Black Rabbit Hall is drawing a number of comparisons with the beloved novels of Daphne Du Maurier, not least because of their shared setting in Cornwall, but also because of a more generalized exploration of the links between a specific, evocative place and (often devastating) family history. Chase's novel rarely shifts setting from the confines of Black Rabbit Hall and its environs; when it does, the change is both jarring and a bit liberating, as if the reader can finally take a deep breath, away from the stifling and yet spellbinding atmosphere of this place.

Reviewed by Norah Piehl

This review was originally published in The BookBrowse Review in April 2016, and has been updated for the August 2017 edition. Click here to go to this issue.

This review is available to non-members for a limited time. For full access become a member today.
Membership Advantages
  • Reviews
  • "Beyond the Book" articles
  • Free books to read and review (US only)
  • Find books by time period, setting & theme
  • Read-alike suggestions by book and author
  • Book club discussions
  • and much more!
  • Just $12 for 3 months or $39 for a year.
  • More about membership!

Beyond the Book:
  Gardens of Heligan

Join BookBrowse

Become a Member and discover books that entertain, engage & enlighten.

Find out more


Today's Top Picks

  • Book Jacket: The Forest of Vanishing Stars
    The Forest of Vanishing Stars
    by Kristin Harmel
    Kristin Harmel's historical novel The Forest of Vanishing Stars was very well-received by our First ...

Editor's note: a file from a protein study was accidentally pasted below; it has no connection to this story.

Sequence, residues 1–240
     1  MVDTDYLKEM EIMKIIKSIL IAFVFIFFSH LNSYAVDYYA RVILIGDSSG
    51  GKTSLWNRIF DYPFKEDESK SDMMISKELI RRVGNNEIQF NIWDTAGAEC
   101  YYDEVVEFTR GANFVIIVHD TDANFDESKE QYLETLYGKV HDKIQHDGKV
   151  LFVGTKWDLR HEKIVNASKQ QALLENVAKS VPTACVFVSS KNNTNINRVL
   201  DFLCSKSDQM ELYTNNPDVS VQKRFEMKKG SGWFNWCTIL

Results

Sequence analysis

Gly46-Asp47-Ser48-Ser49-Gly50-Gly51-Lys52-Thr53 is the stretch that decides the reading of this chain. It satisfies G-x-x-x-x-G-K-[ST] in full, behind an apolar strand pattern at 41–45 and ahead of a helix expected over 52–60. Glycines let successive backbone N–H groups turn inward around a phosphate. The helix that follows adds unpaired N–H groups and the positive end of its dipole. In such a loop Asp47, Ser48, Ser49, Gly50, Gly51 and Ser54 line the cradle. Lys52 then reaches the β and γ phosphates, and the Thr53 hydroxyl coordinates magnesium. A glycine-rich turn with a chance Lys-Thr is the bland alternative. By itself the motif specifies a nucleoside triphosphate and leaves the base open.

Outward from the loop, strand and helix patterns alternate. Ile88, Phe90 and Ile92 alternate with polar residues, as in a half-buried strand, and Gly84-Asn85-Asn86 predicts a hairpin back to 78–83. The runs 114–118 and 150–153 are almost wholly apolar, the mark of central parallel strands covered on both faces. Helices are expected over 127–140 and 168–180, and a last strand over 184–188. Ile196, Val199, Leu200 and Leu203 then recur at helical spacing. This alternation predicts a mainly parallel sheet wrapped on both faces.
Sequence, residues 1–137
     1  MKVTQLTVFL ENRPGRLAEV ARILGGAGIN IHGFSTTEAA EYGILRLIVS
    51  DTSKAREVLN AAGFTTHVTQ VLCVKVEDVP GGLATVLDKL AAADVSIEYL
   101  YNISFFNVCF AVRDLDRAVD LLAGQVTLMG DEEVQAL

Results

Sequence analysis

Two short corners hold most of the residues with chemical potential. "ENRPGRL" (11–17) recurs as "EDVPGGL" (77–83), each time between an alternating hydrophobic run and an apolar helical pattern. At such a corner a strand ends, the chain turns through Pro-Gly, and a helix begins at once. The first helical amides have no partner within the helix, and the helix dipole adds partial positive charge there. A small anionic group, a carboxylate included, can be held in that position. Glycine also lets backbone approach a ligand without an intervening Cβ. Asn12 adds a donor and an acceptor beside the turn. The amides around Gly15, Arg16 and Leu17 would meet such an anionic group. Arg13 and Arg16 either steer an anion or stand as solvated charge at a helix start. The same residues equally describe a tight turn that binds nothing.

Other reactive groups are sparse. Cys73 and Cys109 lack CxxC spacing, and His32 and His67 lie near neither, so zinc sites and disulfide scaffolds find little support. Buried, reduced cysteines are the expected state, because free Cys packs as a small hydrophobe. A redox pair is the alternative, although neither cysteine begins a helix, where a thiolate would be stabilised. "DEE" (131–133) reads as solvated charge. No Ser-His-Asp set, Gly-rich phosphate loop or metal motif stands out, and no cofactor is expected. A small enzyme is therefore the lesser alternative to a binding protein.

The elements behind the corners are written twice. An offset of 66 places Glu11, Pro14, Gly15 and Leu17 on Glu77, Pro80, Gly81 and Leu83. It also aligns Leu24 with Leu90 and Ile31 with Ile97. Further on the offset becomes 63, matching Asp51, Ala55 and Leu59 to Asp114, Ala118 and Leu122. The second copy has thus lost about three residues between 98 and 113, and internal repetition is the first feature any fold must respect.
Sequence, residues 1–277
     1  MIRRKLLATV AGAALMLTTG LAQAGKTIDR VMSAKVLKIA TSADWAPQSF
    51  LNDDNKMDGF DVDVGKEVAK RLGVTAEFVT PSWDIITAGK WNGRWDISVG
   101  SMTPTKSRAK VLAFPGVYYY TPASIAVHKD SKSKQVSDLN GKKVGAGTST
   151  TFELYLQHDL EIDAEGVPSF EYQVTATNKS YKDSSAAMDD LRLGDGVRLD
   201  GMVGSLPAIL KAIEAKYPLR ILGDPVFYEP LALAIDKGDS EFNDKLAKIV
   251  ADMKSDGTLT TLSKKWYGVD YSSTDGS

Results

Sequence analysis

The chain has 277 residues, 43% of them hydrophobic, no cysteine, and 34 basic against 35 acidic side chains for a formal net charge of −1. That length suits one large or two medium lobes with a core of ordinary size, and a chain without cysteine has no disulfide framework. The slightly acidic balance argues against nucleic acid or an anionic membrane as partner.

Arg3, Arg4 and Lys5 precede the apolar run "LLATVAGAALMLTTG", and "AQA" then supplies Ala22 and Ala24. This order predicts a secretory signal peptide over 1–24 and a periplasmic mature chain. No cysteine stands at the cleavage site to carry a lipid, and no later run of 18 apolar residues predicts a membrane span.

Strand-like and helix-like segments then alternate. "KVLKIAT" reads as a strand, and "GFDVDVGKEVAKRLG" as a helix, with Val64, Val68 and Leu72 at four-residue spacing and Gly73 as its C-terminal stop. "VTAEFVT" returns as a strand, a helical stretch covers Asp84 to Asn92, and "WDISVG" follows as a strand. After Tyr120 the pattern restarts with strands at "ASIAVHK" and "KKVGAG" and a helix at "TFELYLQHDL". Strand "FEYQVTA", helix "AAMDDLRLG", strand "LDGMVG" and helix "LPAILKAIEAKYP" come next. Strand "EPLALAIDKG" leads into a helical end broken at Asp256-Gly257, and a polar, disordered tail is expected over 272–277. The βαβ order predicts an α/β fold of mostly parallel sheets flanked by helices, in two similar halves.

• Book Jacket: African Europeans
    African Europeans
    by Olivette Otele
    The nexus of Africans and Europeans is not a recent historical development. Rather, the peoples of ...
  • Book Jacket: The Killing Hills
    The Killing Hills
    by Chris Offutt
    The personified hills of the novel's title foreshadow the mood of this brooding and ominous tale. ...
  • Book Jacket: The Vixen
    The Vixen
    by Francine Prose
    Recent Harvard graduate Simon Putnam has been rejected from grad school and has thus returned to his...

Book Club Discussion
Book Jacket
All the Little Hopes
by Leah Weiss
A Southern story of friendship forged by books and bees, in the murky shadows of World War II.

Readers Recommend

  • Book Jacket

    The Forest of Vanishing Stars
    by Kristin Harmel

    An evocative coming-of-age World War II story from the author of The Book of Lost Names.

  • Book Jacket

    The Temple House Vanishing
    by Rachel Donohue

    A modern gothic page-turner set in a Victorian mansion in Ireland.

Win This Book!
Win Gordo

Gordo by Jaime Cortez

"Dark and hilarious ... singular and soaring ... Hands down, top debut of 2021."—Literary Hub

Enter

Wordplay

Solve this clue:

N Say N

and be entered to win..

Books that     
entertain,
     engage

 & enlighten

Visitors can view some of BookBrowse for free. Full access is for members only.

Join Today!

Your guide toexceptional          books

BookBrowse seeks out and recommends the best in contemporary fiction and nonfiction—books that not only engage and entertain but also deepen our understanding of ourselves and the world around us.